Sure, numerical factors like principal and APR come into play as you strategize how to eliminate your loans, but there’s a hugely important emotional element to becoming debt-free Not only are you fighting against the balance that you owe, but you may also be fighting against some emotional issues as well. I know when I was in $30,000 in debt, I was feeling a terrible combination of guilt, shame and hopeless.
Good news? It doesn’t have to be that way. With the right strategies, paying down debt can feel empowering, liberating and downright exciting.
There are plenty of great strategies out there to help you get out of debt. And while many of these strategies look great on paper, it’s how they affect you mentally and emotionally that really matter.
Here’s how some of the more popular debt-reduction strategies can motivate and encourage you to keep pushing through our debt.
The Debt Snowball Strategy
This is an easy way to prioritize your debt. Start by sorting your loans from lowest balance to highest. Continue to pay at least the minimum on all of your debt, but put any extra cash and payments toward the smallest balance loan first. Once that small-balance loan is eliminated, take the cash you were using for that payment and apply it to the next loan with the smallest balance. Rinse and repeat.
Why This Works
Little victories are emotionally important, especially if you’re in a lot of debt. So even though you may have $10,000 in debt, you’ll still feel incredible when you finally pay off that $400 credit card bill. It’s one less bill you have to worry about, and wiping your hands clean of even just one loan can feel liberating and help you feel like you’re making progress.
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The Cash-Out-Some-Savings Strategy
Even if you’re consistently paying down your loans on a monthly basis, it can be frustrating watching your debt balance barely shrink. If you have a decent chunk of cash saved up (you’re expecting a decent tax refund) that you can throw at your debt, you can slash your loans instantly.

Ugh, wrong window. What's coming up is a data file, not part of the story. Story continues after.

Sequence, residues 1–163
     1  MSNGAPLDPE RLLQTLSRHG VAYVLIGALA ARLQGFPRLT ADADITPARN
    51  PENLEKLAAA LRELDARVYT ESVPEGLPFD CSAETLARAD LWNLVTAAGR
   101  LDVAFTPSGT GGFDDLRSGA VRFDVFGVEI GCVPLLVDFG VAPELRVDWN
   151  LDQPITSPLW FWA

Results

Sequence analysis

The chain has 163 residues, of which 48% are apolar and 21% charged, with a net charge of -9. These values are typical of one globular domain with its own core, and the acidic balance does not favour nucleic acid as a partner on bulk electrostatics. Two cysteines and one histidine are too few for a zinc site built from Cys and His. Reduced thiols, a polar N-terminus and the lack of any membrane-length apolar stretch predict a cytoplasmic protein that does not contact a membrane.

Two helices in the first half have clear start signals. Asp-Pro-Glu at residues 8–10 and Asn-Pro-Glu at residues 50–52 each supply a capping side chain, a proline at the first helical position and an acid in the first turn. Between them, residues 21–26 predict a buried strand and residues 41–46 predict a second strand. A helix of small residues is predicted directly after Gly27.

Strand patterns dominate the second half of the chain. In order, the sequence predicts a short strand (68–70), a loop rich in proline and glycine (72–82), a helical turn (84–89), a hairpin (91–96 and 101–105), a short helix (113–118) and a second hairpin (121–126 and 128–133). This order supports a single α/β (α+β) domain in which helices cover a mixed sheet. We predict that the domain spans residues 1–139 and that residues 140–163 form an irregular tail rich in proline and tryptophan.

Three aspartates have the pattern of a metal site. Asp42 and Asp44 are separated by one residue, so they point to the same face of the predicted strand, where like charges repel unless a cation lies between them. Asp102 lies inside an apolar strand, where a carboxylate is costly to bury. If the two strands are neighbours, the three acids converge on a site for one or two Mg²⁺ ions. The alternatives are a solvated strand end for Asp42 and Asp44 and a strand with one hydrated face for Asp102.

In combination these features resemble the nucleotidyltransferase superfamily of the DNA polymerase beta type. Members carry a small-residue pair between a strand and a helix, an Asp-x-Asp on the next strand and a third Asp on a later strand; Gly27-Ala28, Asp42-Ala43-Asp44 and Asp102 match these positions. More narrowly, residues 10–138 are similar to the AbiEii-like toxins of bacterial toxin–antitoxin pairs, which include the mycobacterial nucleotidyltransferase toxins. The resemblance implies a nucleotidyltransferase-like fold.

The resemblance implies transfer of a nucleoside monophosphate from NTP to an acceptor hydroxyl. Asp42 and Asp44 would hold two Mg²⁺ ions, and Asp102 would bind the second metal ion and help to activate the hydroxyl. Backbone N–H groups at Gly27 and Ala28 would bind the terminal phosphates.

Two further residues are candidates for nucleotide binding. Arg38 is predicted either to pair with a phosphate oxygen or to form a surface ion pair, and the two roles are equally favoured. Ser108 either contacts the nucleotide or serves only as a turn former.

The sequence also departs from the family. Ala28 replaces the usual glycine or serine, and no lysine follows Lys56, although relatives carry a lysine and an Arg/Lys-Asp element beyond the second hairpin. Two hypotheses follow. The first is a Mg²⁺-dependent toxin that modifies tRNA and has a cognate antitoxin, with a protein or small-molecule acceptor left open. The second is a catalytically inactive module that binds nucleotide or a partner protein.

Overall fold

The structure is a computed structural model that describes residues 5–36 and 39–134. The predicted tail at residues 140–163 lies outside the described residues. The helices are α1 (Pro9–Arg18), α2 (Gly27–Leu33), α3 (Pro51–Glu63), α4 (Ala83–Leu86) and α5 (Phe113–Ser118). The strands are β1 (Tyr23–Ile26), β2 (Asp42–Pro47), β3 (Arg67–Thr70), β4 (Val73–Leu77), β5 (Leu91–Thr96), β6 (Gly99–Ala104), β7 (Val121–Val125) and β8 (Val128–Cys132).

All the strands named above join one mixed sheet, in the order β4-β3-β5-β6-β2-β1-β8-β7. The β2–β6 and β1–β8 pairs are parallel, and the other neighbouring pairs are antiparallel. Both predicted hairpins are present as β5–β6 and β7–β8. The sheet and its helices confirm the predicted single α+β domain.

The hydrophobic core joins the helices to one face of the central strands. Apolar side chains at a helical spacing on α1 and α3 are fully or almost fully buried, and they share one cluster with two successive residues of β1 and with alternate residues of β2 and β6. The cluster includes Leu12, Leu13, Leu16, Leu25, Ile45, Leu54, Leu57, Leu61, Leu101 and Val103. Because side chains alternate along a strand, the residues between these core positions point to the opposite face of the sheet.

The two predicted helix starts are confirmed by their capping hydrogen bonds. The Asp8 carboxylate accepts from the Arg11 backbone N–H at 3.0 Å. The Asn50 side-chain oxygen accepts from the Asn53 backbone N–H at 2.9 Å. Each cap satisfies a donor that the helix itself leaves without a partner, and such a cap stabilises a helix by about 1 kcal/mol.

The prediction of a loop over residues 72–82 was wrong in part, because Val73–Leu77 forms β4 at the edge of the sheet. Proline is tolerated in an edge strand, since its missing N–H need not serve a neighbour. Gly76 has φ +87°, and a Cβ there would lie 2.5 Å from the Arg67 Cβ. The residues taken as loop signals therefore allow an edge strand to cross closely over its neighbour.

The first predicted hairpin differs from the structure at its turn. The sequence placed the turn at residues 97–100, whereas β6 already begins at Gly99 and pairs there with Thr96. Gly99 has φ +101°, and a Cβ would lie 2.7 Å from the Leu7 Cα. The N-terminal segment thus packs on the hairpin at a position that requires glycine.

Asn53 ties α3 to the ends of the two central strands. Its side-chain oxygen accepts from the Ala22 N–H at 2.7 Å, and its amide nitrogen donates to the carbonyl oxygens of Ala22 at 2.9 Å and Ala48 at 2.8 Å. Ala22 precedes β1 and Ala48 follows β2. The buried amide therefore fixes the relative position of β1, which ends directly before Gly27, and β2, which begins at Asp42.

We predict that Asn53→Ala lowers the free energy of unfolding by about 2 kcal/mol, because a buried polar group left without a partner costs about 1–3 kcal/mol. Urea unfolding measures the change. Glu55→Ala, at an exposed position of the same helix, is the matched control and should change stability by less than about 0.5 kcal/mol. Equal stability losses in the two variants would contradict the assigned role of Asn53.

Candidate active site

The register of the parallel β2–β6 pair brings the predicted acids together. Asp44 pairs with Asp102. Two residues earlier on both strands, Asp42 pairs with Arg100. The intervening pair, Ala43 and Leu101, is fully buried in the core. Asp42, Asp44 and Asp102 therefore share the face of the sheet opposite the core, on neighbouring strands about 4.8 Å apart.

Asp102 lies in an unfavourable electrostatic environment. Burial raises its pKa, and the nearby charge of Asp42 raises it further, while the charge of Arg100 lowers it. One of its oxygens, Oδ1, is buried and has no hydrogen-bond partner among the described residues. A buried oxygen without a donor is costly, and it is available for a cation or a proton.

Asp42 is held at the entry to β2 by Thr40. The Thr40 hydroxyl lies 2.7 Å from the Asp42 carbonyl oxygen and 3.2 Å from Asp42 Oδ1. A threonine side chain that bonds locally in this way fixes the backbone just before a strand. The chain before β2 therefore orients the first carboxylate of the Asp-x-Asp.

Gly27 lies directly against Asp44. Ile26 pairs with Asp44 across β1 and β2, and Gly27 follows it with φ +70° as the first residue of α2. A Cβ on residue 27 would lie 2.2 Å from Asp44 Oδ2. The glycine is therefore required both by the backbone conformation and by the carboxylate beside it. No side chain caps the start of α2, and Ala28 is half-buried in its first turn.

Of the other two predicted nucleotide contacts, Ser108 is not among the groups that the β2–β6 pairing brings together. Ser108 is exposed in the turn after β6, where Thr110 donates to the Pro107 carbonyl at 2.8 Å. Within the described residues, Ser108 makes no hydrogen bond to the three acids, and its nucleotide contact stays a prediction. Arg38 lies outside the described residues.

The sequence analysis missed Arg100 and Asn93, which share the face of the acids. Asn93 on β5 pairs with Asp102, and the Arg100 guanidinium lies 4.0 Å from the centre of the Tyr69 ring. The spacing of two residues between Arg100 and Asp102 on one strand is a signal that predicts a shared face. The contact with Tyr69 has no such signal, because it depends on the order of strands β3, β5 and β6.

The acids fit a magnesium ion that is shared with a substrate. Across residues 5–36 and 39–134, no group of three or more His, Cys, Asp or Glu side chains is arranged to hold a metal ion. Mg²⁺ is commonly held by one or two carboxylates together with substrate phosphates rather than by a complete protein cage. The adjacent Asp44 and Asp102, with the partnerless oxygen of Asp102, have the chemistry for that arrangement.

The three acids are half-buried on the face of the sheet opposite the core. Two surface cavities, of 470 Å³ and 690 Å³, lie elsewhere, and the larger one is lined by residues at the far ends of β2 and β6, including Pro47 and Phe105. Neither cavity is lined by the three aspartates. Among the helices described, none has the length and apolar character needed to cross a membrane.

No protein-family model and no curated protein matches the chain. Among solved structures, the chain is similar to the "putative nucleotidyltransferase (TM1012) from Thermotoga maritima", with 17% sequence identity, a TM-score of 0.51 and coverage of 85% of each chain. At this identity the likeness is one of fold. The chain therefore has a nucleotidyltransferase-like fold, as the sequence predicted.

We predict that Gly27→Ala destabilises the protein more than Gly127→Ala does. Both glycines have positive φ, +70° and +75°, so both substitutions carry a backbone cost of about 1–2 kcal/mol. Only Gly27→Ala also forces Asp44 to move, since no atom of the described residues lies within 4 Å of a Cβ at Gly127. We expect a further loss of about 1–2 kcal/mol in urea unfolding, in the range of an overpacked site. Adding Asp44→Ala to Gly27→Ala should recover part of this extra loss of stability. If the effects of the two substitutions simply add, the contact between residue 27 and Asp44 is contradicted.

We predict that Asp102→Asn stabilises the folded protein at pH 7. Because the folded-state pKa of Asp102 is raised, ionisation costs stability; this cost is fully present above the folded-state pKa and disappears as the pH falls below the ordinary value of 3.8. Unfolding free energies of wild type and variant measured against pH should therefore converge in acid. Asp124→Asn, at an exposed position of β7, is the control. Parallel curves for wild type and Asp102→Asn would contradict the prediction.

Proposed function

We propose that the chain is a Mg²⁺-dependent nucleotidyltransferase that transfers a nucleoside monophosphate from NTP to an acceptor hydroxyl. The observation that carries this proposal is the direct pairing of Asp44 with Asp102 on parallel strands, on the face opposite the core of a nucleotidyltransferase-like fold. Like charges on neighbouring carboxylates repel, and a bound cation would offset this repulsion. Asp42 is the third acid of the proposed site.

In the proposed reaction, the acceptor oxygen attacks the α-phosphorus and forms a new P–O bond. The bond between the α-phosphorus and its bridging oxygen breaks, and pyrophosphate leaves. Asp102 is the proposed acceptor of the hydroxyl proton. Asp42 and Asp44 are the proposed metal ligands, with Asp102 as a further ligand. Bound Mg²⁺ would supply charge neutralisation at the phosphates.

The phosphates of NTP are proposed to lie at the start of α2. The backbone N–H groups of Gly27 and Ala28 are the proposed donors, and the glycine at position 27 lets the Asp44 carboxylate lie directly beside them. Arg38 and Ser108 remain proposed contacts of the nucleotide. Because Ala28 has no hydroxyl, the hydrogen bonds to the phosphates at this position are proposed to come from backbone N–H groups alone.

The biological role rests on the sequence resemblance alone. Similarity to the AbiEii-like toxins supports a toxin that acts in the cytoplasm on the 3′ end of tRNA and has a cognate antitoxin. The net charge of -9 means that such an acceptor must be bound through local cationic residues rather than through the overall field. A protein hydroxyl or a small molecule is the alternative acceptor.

Why This Works
This is the ultimate form of instant gratification – and I’ve personally felt the rush of wiping out a lot of my debt with just the click of a button. Just the other day I cashed out $3,000 in savings to help pay down my student loans, and it felt absolutely incredible. Just remember: anytime you’re drawing down your savings, make sure you’re not taking from your emergency fund or sacrificing too many emotionally important savings goals.
The Earn-Extra-Income Strategy
It may seem obvious, but the easiest way to get more money to put toward your debt is to earn more money. Selling your unwanted junk on Craigslist, taking up a freelance gig or putting in extra hours at work are all great ways to help pay down your loans quicker.
Why This Works
Putting extra money toward debt is a hugely empowering feeling. If you feel emotionally tired of slashing away at everything in your budget to pay off your loans, this could be the strategy for you. Earning money on the side means you’re not limited by your regular paycheck. It also helps calm that “out-of-control” feeling you may experience with a lot of debt to your name. By taking initiative to earn money on the side, you’re taking charge of your situation.
In the end, the best strategy is the one that gets you excited and helps you feel like you’re making progress. So do what works for you!